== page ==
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Graphene is an excellent material for long distance spin transport but allows little spin manipulation. Transition metal dichalcogenides imprint their strong spin-orbit coupling into graphene via proximity effect, and it has been predicted that efficient spin-to-charge conversion due to spin Hall and Rashba-Edelstein effects could be achieved. Here, by combining Hall probes with ferromagnetic electrodes, we unambiguously demonstrate experimentally spin Hall effect in graphene induced by MoS proximity and for varying temperature up to room temperature. The fact that spin transport and spin Hall effect occur in different parts of the same material gives rise to a hitherto unreported efficiency for the spin-to-charge voltage output. Remarkably for a single graphene/MoS heterostructure-based device, we evidence a superimposed spin-to-charge current conversion that can be indistinguishably associated with either the proximity-induced Rashba-Edelstein effect in graphene or the spin Hall effect in MoS. By comparing our results to theoretical calculations, the latter scenario is found the most plausible one. Our findings pave the way towards the combination of spin information transport and spin-to-charge conversion in two-dimensional materials, opening exciting opportunities in a variety of future spintronic applications.
This article was published in the following journal.
Name: Nano letters
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A technique for detecting short-lived reactive FREE RADICALS in biological systems by providing a nitrone or nitrose compound for an addition reaction to occur which produces an ELECTRON SPIN RESONANCE SPECTROSCOPY-detectable aminoxyl radical. In spin trapping, the compound trapping the radical is called the spin trap and the addition product of the radical is identified as the spin adduct. (Free Rad Res Comm 1990;9(3-6):163)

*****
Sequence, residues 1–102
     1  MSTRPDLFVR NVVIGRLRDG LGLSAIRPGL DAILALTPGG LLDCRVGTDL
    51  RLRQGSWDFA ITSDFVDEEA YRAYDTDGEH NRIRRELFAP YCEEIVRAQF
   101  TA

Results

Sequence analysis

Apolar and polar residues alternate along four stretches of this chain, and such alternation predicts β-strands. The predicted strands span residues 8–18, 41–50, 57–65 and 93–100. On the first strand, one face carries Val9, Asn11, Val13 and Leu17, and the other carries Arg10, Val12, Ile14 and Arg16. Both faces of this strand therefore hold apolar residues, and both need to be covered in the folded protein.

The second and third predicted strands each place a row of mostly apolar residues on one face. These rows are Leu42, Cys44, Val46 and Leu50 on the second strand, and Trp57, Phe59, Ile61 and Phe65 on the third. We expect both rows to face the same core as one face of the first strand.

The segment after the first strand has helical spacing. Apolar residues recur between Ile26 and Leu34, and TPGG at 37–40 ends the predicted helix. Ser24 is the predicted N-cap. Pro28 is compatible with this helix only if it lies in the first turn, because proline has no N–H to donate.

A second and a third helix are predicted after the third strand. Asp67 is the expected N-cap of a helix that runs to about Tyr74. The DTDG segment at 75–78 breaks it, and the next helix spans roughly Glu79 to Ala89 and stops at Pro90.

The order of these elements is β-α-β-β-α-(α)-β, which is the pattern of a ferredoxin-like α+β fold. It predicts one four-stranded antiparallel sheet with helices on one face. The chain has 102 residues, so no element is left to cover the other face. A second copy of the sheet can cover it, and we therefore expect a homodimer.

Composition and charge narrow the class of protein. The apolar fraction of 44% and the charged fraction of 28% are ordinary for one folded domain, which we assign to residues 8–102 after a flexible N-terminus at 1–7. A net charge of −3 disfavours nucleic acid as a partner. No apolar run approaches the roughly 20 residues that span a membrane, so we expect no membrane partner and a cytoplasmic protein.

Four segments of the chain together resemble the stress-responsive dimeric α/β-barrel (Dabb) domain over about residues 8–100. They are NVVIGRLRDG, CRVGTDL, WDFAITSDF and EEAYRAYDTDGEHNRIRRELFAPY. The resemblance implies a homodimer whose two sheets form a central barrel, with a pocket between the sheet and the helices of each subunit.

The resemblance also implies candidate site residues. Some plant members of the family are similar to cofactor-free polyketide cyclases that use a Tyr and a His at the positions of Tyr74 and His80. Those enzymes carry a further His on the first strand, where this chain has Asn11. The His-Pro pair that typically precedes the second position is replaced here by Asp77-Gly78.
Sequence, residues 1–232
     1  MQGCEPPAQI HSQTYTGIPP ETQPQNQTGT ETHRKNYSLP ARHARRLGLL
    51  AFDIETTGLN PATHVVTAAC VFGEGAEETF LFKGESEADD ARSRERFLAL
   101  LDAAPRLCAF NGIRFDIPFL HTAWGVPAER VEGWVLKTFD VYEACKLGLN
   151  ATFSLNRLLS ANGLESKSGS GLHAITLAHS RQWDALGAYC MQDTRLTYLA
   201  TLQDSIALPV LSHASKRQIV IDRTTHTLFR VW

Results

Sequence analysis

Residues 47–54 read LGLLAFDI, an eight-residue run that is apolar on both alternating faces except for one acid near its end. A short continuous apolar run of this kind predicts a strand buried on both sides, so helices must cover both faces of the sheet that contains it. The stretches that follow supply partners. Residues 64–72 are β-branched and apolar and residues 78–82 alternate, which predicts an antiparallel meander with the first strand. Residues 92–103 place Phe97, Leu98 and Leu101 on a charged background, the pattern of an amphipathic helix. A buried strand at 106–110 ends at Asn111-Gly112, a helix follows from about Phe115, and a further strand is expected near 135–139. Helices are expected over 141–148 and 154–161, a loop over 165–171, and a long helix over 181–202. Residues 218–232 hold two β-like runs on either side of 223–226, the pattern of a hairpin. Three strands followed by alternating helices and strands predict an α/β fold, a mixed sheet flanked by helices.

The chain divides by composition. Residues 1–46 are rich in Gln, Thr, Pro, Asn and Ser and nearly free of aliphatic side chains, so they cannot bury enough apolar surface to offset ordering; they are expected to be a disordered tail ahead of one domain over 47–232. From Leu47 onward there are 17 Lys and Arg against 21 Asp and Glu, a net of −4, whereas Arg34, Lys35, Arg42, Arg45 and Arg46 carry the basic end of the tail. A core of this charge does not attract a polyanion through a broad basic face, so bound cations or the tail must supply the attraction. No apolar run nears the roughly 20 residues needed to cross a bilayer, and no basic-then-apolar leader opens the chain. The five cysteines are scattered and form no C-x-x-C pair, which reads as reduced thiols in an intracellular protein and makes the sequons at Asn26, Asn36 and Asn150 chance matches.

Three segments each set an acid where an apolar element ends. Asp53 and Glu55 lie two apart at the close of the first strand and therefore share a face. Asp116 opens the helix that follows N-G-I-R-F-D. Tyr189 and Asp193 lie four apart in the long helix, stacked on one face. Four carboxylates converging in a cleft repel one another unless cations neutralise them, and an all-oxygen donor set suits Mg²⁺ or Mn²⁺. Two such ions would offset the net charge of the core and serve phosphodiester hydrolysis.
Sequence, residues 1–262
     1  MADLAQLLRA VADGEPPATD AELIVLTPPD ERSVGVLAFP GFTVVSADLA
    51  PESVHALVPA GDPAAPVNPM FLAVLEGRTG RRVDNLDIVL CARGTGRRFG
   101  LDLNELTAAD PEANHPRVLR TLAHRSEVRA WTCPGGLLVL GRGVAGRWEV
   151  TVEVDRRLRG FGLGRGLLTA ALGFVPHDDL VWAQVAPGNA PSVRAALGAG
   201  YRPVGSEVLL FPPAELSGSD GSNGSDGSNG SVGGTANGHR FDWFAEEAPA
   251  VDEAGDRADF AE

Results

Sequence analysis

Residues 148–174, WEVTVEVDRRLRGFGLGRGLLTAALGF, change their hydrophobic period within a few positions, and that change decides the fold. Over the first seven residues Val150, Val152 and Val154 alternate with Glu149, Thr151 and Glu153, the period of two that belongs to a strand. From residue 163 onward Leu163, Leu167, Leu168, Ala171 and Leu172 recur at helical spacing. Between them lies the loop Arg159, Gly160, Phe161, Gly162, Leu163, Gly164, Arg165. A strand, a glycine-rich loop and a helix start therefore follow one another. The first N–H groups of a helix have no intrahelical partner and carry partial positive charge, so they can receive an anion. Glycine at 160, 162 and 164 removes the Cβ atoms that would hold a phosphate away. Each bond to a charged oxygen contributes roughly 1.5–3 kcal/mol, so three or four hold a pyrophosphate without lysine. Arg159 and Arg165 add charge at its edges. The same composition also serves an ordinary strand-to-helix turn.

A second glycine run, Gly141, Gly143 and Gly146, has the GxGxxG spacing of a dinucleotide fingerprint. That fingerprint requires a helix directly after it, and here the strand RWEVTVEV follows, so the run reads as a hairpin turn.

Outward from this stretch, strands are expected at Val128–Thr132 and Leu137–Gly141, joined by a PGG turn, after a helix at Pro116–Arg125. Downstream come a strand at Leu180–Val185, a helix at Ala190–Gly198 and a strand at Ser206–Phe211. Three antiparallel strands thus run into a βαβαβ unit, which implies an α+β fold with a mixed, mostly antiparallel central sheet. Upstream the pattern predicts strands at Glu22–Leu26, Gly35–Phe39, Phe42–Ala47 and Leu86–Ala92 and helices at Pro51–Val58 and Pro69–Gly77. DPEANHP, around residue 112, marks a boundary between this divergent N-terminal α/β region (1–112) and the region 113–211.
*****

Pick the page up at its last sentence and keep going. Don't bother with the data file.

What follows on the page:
Molecules which contain an atom or a group of atoms exhibiting an unpaired electron spin that can be detected by electron spin resonance spectroscopy and can be bonded to another molecule. (McGraw-Hill Dictionary of Chemical and Technical Terms, 4th ed)
Medicated dosage forms that are designed to be inserted into the rectal, vaginal, or urethral orifice of the body for absorption. Generally, the active ingredients are packaged in dosage forms containing fatty bases such as cocoa butter, hydrogenated oil, or glycerogelatin that are solid at room temperature but melt or dissolve at body temperature.
Organic compounds that have a relatively high VAPOR PRESSURE at room temperature.
An effect usually, but not necessarily, beneficial that is attributable to an expectation that the regimen will have an effect, i.e., the effect is due to the power of suggestion.